Some years have past. An aging Croaker laments on his declining capacities. Darling, the White Rose, is now a grown, strong woman. A hardened, natural leader. And the Company itself has found some semblance of home on, of all places, the Plain of Fear.They have set up a makeshift base and ironed out an unspoken agreement to stay with the bizarre denizens of said Plain, including walking trees, talking menhirs, the infamous flying windwhales, and Father Tree, a mysterious godlike tree rooted dead center in the Plain. From this 'home', Darling and the Lieutenant make their plans for defeating the Lady, while Croaker is brought messages from various couriers. While busy translating the papers taken form Soulcatcher, he needs to discern the importance of the new letters. What do these letters touch on? Nothing less than an account of Bomanz, the legendary sorcerer whose actions led to the release of the Lady in the first place.

Time is not on the company's side though. The Lady now knows their hiding spot, and has her new Taken harry them often. Also, her forces are hard at work developing advanced tactics with which to circumvent Darling's null and destroy her and the Company physically. Croaker, One-Eye, Goblin, and newcomers Tracker and Toadkiller Dog ( his canine companion that must be referred to by his entire name), set off to find the missing parts of the Bomanz accounts, in hopes of finding anything that would help name that Lady by her true name and defeat her.

In the end, another huge showdown looms, but the focus needs to be realigned. Although the Lady and Darling are locked in mortal combat, both know that the true enemy is still the entombed Dominator. And it bears remembering that entombed does not mean idle. After he got his foot in the door in the last book, the Dominator knows that his best chance is at hand, and he has some real doozies up his sleeve.

Again, that's about all I can divulge without ruining anything. This is it, the final entry in the Books of the North saga, and for better or worse, the end of the cycle involving the Lady, the Dominator, Darling, and world domination. Now let's look at how Cook handled this third installment.

Like in Shadows Linger, we have a narrative split between first person POV (for Croaker), and two third person story arcs. Those two arcs take place in different time periods. As mentioned, one centers on the actions and preparations of the wizard Bomanz. The other focuses on another new character, a veteran of the Forsberg campaigns (under the Limper) named Corbie. Corbie's tale takes place in the very recent past. Before commenting on these portions, I will mention that those tales terminate a little after the halfway point of the book, meaning the final 40% or so is all first person Croaker.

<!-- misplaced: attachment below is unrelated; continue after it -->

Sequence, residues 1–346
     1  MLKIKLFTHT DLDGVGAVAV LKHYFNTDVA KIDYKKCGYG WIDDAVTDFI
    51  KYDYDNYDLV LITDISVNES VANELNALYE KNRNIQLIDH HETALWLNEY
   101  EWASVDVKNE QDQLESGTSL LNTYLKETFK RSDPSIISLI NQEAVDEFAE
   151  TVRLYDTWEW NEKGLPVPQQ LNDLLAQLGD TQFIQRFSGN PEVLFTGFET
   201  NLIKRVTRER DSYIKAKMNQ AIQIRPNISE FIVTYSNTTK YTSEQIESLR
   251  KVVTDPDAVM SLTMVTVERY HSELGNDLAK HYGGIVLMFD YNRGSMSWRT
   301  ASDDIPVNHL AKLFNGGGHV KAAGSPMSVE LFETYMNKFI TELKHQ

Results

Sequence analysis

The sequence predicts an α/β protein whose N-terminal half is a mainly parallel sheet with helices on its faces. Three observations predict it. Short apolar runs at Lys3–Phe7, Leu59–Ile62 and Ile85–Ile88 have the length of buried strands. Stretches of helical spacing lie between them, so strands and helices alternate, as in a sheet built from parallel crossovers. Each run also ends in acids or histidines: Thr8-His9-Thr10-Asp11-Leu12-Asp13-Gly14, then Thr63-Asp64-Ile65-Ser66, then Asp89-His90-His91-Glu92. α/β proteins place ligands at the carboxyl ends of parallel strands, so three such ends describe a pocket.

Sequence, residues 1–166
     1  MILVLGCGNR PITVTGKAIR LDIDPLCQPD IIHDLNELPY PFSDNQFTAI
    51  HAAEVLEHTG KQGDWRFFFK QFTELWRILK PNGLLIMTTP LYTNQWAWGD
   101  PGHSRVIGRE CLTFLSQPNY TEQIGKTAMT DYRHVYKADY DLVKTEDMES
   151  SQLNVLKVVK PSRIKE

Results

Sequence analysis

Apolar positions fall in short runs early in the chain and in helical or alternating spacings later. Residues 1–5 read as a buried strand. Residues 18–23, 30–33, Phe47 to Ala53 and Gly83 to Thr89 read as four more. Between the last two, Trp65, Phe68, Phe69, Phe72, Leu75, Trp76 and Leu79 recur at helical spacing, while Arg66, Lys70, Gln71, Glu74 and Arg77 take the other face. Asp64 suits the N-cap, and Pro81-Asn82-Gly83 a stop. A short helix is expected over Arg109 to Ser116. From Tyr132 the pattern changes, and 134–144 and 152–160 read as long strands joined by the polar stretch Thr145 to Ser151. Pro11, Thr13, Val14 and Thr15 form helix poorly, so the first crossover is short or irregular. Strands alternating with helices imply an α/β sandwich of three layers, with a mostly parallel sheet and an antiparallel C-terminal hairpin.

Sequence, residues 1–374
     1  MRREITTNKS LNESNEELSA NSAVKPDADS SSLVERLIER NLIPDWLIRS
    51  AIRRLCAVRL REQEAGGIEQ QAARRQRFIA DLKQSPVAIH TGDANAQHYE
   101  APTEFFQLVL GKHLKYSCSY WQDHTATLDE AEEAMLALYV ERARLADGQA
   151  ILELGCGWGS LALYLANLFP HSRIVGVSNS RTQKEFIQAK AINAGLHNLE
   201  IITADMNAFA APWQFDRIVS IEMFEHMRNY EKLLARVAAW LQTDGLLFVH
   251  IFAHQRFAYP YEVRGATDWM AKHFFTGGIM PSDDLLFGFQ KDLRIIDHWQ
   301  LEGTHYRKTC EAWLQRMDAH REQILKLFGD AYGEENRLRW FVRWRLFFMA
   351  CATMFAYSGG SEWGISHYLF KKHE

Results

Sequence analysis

I will just say it plain and simple; I really enjoyed the Bomanz chapters of the book. I don't know how other readers had imagined what Bomanz looked like, but I had always pictured him looking like Kelek, from the old D&D action figure line....

Yeah, I was pretty much dead wrong. Turns out Bomanz is a pudgy, aging wizard working as an antiques dealer specializing in Domination-era artifacts. Or perhaps that is just a glamour he wears to disguise the thirty-seven years he has been working on contacting the Lady. Turns out, there are many Resurrectionists; those who are enamored with the lore of those cruel times and seek to release those trapped miscreants from the Barrowlands. Bomanz is different; his focus is solely on the Lady, he is enamored by the notion of her (much like a certain Annalist/physician we all know), and he believes that he possesses a tool which would grant him leverage in dealing with her. Bomanz's tale is, again, extremely well done. I'll admit; this tale struck a personal chord for me. Being a child in the 80's, when these books came out, antiquing was big business, and my parents were all in on it. Reading these chapters of Bomanz and his wife with their nonstop bickering and insulting was such a throwback for me; I felt like a pudgy little kid in a weekend cabin outside of Lancaster, PA all over again.

Corbie's tale is done very well too. Corbie comes limping into the Barrowland, an unassuming, taciturn veteran, taking odd jobs and keeping to himself. However, he soon takes up residence in Bomanz's old house, and embarks on some serious research into Bomanz's ways and works. Is he looking for info? Or looking to finish what Bomanz started? Cook keeps you guessing to the end on this angle as well. We are also introduced to a young soldier named Case, who befriends the sullen Corbie. He is a very interesting new character as well.

So there you have it. I give The White Rose a slight edge over Shadows Linger for a few reasons. For one, the Black Company supporting cast is more in the fore again. I really missed One-Eye and Goblin's constant bickering in Shadows (there was some, but more here). Also, we see more of the Lady in The White Rose. Love her or hate her, she is always compelling. Shadows Linger had some better fight scenes, and a likable character in Shed, though. No matter what, Cook ends this first arc in grand fashion.

Here's what it is:
The final installment in the Books of the North is resolved in grand fashion. One might assume it is simply the Lady vs. Darling, but Cook weaves so many twists and turns your head is left spinning. All make huge sacrifices, and they are only rewarded with the most bittersweet of endings.

Final Score:


Cover Score:

I'll be honest, this is where Berdak's skills shine through. His renditions of people come off as somewhat clumsy and awkward, but this vision of Father Tree really captures the wild distortions of the Plain of Fear. But, like the other two books, I am grading on Swanland's work.

Cover Final Score (Swanland):